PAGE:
767 Followers
24 Following
nkunka

Booklog

I like big books.

Joyland

Joyland - Stephen King Disclaimer: I love Stephen King's writing so much that all appropriate analogizing fails me. He is the voice of summer for me, a safety blanket in a sea of crappy books and immensely comforting. He has a way of transporting you, a lyrical narrative style that is uniquely identifiable and nostalgic for me. I will defend him to my dying day as being underappreciated and a genius storyteller both, but fair warning, if you're one of those crazy people who think King is a hack, this book is definitely not for you. If you're a Constant Reader, this is a go-to book for on the beach reading to start your summer off. All the trademark Stephen King elements are at play in Joyland:

A) It takes place in the summer, the season that King knows so well he may have damn-well invented it just to set his stories in. I've never encountered an author so sensitive to the seasons and so absolutely talented in capturing them succinctly - with a fragment of a song, some waved off-experience shared by all Americans so common that we never pause to think of it, an image like a melting cone of ice cream - and using it to set the mood so thoroughly you can feel the sun on your skin and your shirt sticking to your back. I think it should be a general rule to start summers with King or Bradbury. It gets you into a groove that helps your summer reading list melt away.

B) Awesome children. It's a given that once you see a child, you know that they're pretty much the hinge upon which the story is going to unfold in Kingland, and that's no different here. What's awesome about it, in spite of its frequent usage, is that King children are awesome! They have a character and exuberance that sizzle off the page and goes hand-in-hand with the season. King's children remind us of our frailty, our mortality and what makes life worth living. They drop pearls of wisdom that are quotable one-liners that stick with you for the long-haul.

C) The everyman protagonist. As usual, what makes King's horror stories so horrifying, and his drama so vivid is his complete understanding of the human condition. In his own way, he's as insightful as any of the great Russian authors for his time. NOBODY captures day-to-day life like King, whether it's the trauma of heartbreak, the naiveté of being twenty-one, or the excitement of finding fast friendships and love where you least expect them. He understands the grooves of life that we find ourselves in, and he can express it in a thousand different ways that are so readily identifiable that you can't help but find yourself in the shoes of the characters that people his world. I couldn't tell you how many times I paused reading this to find myself musing, "That's EXACTLY what that feels like..." and if it weren't for those moments, I'd probably have torn through this book in an afternoon rather than a couple of days.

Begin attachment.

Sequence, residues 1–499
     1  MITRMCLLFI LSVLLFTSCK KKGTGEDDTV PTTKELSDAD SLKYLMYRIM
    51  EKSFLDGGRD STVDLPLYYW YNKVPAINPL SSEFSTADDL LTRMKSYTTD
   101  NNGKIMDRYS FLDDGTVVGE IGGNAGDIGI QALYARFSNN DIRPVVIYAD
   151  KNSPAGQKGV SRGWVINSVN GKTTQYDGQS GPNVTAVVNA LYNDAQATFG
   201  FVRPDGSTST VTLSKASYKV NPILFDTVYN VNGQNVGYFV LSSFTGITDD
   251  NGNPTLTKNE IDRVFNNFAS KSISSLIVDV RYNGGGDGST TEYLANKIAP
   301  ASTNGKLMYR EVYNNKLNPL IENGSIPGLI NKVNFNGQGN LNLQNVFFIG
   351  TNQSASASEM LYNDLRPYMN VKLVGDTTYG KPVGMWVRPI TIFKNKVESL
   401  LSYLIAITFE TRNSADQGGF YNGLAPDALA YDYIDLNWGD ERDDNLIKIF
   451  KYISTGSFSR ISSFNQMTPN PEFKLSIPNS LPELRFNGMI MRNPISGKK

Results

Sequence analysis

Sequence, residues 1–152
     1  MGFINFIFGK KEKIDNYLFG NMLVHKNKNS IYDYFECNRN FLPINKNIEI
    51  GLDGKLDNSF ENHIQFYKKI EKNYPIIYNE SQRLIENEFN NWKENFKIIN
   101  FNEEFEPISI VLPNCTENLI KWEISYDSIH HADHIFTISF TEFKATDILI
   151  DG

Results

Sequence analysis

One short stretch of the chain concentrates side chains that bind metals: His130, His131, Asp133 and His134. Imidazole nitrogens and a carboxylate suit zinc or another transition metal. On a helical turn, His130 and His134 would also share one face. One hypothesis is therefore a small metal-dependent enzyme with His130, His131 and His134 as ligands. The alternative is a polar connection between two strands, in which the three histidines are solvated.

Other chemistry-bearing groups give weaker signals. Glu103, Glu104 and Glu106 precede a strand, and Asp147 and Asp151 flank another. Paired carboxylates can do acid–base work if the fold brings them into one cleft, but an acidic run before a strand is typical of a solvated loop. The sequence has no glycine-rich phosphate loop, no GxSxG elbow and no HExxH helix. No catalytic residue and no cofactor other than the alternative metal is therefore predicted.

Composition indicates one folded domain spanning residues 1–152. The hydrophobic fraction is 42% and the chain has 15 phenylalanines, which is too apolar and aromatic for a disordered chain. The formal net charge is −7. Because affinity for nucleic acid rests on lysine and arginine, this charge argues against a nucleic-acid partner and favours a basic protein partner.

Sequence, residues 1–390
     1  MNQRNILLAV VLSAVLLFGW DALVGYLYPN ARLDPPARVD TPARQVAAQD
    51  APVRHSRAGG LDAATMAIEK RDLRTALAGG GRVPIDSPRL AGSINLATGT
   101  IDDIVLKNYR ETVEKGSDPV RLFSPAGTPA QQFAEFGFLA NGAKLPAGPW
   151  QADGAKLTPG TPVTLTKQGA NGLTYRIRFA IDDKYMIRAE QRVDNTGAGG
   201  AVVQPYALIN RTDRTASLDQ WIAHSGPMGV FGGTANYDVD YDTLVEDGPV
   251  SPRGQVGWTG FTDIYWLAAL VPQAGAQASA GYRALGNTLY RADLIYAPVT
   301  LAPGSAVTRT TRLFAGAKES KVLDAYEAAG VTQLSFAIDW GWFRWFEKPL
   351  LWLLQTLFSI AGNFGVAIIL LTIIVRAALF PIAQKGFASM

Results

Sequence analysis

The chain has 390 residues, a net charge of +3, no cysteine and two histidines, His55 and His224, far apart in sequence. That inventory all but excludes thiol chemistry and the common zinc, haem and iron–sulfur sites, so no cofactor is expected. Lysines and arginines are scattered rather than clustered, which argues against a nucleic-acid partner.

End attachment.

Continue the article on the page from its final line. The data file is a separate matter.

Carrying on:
The Goodreads summary of the story is quite satisfactory, and I see no need to try and improve upon it only to say that if you're a fan of hard-boiled crime or detective stories and thinking this'll be a good bridge between your favorite genre and Stephen King, you're bound to be disappointed. This novel is nine-tenths good old-fashioned King yarn with about a one-tenth nod to the genre and label that paid the bills. Unlike his earlier entry in the series, [b:The Colorado Kid|10574|The Colorado Kid|Stephen King|http://d.gr-assets.com/books/1312856993s/10574.jpg|856005], which at least got the tone and archetypes right in the central narrative, this one hardly bothers. The Carny setting and the murder mystery are the noir tissue paper packaging an [b:11/22/63|10644930|11/22/63|Stephen King|http://d.gr-assets.com/books/1327876792s/10644930.jpg|15553789]-ish character study with more than the occasional hint of the paranormal. So if ghosts and psychics aren't your thing....move along and check out Colorado Kid instead. Know this however: this book is a superior narrative stylistically, however puerile the plot.

Is it a mystery and plotting masterpiece? No, but there's so much life and vitality, so many beautiful off-the-cuff observations that capture the human condition that you don't really care about the convenient and kind of unimaginative coincidences that grease the wheels along. This one is short, sweet and is packed with so many emotions that I'd put it in my top-ten King books of all-time. Take your mind off the murder mystery and feel what it's like to be twenty-one again, desperately in unrequited love and trying to find your place in life.